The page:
Jul 22, 2009
|It was always going to be an interesting tour of the Tour de France given that our group of six unruly couples were joining a flotilla of other Tour devotees all of whom had handed over a significant number of Euros to Sporting Tours (www.sportingtours.co.uk) who claimed expertise and Tour de France accreditation. This was supposed to give us punters a Tour de France experience that we could otherwise not gain. It turned out that indeed this was true however, not at all in the manner in which we would have expected.
It was an inauspicious start to our Tour experience which we had been looking forward to with some excitement. When expecting dinner at 8 pm at the hotel in the pretty town of Cluses where we were to be based for three nights having travelled by coach from Geneva, dinner was delayed and delayed because ‘not all the group were there yet’ according to our tour ‘guide’ after being pressed by many unhappy punters. This so called guide – or should I say ‘impediment’ – came wrapped in the form of a male human but was clearly from the planet Zon where taking responsibility for anything is against their culture. Another trait of this life form from Zon is that they are incapable of introducing themselves – thus everyone of our number individually finds out over time that the Zonian is named Donald. A further characteristic is that if things can simply be explained in three sentences then it is far better to resort to many convoluted phrases in order to create confusion, chaos and near revolution amongst their charges. These extra-terrestrials also can’t remember their own phone numbers, don’t mind putting down a client in public and confuse taking up space in a group as rendering help. Hence Donald, unbeknownst to him, is renamed Heathrow (after the airport where chaos and confusion).
Despite Heathrow’s endeavours to confound his clients, we of course were determined to have a good time.
Our first view of the Tour was on the Col de Romme during the 17th stage. The supermen who undertake this gruelling task were doing a mountain stage of 168 km with the Col de Romme being the 4th and steepest of the five of the day. The riders in our group would head up the mountain and beyond whilst those like us, the walkers, were offered transport to the base of the mountain to walk up as far as we could before the road closed. We chose to walk from the hotel and as it turned out, Heathrow as usual had no clue because our coach driver gained no special privilege and had merely transported a few walkers about 2 km from the hotel.
As we got to the base of the mountain a convoy of about 20 Gendarme (national police) vehicles passed us to deposit control on the route. Hundreds of amateur cyclists were tackling the climb ahead of the Tour and cars and campervans and tables and chairs and flower decorated bicycles and BBQs lined the route. The walk to the top took a good 2.5 hrs from the base although it is only about 9 km because the average gradient is 10%; and the Tour de France riders were going to race up this after already completing 125 km and then go on to do more!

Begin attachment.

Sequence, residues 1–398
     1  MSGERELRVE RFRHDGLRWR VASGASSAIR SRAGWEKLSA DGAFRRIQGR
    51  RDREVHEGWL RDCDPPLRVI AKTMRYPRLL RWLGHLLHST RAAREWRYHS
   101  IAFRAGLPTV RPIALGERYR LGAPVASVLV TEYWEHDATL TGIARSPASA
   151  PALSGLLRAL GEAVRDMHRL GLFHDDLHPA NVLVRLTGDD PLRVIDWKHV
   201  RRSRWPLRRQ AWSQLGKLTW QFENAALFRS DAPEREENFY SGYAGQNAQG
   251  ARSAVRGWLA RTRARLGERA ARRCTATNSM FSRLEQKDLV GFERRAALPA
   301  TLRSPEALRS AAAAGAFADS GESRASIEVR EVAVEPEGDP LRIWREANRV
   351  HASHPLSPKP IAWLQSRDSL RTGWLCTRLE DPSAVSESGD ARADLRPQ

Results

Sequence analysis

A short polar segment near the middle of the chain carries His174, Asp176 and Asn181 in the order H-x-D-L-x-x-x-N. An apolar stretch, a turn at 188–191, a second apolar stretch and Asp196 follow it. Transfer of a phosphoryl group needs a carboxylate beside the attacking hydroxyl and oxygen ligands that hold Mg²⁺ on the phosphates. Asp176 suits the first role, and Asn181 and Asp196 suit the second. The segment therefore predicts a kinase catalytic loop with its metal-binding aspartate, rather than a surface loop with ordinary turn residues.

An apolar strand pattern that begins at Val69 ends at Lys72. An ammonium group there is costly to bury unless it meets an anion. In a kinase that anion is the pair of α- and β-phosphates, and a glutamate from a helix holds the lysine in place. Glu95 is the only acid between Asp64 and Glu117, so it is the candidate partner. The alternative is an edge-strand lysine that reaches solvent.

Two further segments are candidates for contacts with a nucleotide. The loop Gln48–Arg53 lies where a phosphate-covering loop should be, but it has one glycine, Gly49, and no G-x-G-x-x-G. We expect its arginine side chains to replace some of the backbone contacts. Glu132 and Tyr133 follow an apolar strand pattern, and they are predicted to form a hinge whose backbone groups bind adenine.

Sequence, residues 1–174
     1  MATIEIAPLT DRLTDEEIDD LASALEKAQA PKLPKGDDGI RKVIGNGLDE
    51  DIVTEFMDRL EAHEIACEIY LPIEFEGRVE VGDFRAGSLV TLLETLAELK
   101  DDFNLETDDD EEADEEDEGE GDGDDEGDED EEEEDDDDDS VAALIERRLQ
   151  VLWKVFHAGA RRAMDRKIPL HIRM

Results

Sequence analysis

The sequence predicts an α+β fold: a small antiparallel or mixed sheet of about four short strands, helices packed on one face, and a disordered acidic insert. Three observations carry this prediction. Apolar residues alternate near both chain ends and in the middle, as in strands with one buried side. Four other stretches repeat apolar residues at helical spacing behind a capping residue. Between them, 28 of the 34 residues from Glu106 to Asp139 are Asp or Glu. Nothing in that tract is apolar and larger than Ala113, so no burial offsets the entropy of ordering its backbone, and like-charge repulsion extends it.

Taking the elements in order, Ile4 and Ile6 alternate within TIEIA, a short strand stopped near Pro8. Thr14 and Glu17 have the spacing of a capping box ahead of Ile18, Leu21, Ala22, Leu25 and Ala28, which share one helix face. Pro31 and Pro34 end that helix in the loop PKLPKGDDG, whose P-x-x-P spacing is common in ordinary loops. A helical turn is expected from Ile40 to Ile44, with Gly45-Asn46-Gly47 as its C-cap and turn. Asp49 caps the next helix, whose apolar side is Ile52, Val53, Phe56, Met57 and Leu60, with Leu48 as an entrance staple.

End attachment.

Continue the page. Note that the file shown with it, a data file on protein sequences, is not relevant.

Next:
At the summit the weather turned rainy and cool for a while but the atmosphere was electric. The number of people increased by the minute and the excitement grew. We took up a position overlooking a series of hair pins a little down from the high point and awaited the arrival of the ‘Caravan’ that preceded every stage of the Tour.
Now the ‘Caravan’ is an experience not to be missed. Lead by a giant float consisting of a giant yellow cycle mounted by a giant yellow cyclist, hundreds of vans and cars follow over a period of an hour or so. The convoy is supported by a host of police as it passes by with a cacophony that could blast the side from a mountain. Riding jerseys, bottled water, caps, shirts, giant rubber hands, snacks, key rings, funny umbrellas and a host of other items are flung from this enormous promotional machine as it passes by. We all become dedicated cargo cultists trying to catch our share of the spoils.
Once passed we are then entertained by the nutters; a guy running around with no shoes wearing several cow bells of various sizes whilst singing; another waving huge flags on a pole whilst dancing down the road. Our party joined in, dressing themselves in the finery obtained from the departed Caravan or draping an Australian flag around their happy selves. The atmosphere is one of carnival and excited expectation.
Then the Tour leaders of the day arrived, preceded by gendarmes on motorcycles clearing the road and then official car after official car. The excitement is pushed to a crescendo and the clapping intense as they flew by at a speed most of us can’t do on the flat let alone at this gradient and after a 100 plus kilometres today plus 16 previous gruelling stages. The team cars carrying bicycles galore on their roof-racks, the mechanics and carers within, also flashed by tracking their particular riders. Soon the overall Tour leaders arrived; the Schleck brothers, Contador and the incredible Lance Armstrong.
It took a good half hour before the stragglers pass and we gathered up our souvenirs and headed down the hill back to Cluses passing a very long snake of near still vehicles filled with enthralled spectators as they attempted to quit the mountain.
About 2 hours later hot, tired and elated we headed into the first bar we find in town to enjoy a couple of cold ones and reflect on an incredible day that we will never forget.